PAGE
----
The ACE study
I recently learned about the Adverse Childhood Experiences (ACE) study. I had never seen this study and its’ data, so I have been pretty intrigued by it and reading up about it as I have time. My short summary of the study is this: Bad things that happen to people in their childhood have lifelong ramifications and impact people in areas of physical and mental health, relationships, and work absenteeism. The more bad things that happened, the more likely the adult is to manifest such problems in later life.
Okay, so that is all well and good. It makes sense, and the reason the study is so pivotal is that it had a huge participant group and the data that came out of the study was so consistent. There is clear empirical data to support what many of us have known and suspected based on our personal experiences. Plus, the data was used to create a scoring system which can be used as a predictor of later outcomes.
However, what I find profoundly stunning about this study is the information collected from the obesity clinic drop-outs and the doctor’s observations as detailed in Part 1 (which led him to ask questions which ultimately became the ACE study). Reading that part of the article was like reading about my life. I am living the life of the very obese woman who has lost huge amounts of weight (80lbs the first time, 145lbs the second time) and then could not cope with the new body and male attention and lack of protection/security and then gained the weight back. I even meet the markers of being born a normal birth weight and rather than continually gaining weight, I have weighed pretty much the same weight, give or take 20ish lbs (even while pregnant) my whole adult life.
I have always had enough insight to know that I am heavy for a reason (to feel safe) but I had no idea that this was something that other people have experienced. And I am blown away. I don’t even know what to feel….I will have to try to figure that out later. (Those damn feelings…confusing me again!) I am not quite sure why this realization or seeing my experience in print is so moving to me, but it is.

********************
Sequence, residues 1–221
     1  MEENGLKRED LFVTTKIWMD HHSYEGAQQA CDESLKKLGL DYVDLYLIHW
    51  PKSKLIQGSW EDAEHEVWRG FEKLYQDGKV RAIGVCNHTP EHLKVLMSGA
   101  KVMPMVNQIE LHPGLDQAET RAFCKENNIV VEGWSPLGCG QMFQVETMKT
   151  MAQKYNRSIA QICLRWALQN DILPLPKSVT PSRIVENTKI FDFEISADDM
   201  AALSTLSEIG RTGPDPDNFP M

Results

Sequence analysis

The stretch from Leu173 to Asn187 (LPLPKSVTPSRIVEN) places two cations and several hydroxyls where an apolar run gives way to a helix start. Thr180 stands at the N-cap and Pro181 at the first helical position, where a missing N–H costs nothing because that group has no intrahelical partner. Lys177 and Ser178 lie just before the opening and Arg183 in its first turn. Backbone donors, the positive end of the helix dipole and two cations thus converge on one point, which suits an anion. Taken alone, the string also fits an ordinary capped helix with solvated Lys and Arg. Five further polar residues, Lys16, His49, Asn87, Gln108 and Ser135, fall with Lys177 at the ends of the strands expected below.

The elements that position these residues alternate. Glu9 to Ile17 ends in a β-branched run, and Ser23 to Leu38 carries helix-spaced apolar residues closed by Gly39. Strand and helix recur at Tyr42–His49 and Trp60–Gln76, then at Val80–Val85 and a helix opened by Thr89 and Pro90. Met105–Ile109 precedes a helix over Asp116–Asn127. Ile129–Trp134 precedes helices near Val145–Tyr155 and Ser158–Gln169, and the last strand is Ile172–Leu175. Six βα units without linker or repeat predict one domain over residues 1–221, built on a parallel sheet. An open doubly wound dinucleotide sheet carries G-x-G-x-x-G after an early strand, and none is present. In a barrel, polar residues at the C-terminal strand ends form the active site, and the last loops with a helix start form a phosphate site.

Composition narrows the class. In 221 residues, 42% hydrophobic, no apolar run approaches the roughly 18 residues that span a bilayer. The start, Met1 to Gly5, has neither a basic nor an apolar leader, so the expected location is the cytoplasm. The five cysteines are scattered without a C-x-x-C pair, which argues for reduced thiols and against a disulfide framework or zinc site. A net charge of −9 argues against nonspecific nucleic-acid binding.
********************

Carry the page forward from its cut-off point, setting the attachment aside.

There is one thing in the article though that does not resonate with my experience. The article states that, “The obese people that Felitti was interviewing were 100, 200, 300, 400 pounds overweight, but they didn’t see their weight as a problem.” I see my weight as a huge problem and it is one of the reasons I hate myself. I hate my body. While my big body may feel safer, I think the damage I do to myself by loathing it actually puts me in a worse place.
Anyway, these are just my first reactions to reading the article. I am sure I will be writing more about all this in the near future after I do some more processing.
A Red Eft
So, let me veer in a completely different direction.
Yesterday, dh and I were walking on our road and I found a red eft. I pretty much squealed in delight because I love red efts! I scooped him out of the road and carried him to safer ground, but before I sent him on his way, I got a couple of good pictures of him that I want to share.
Nature makes me happy! 🙂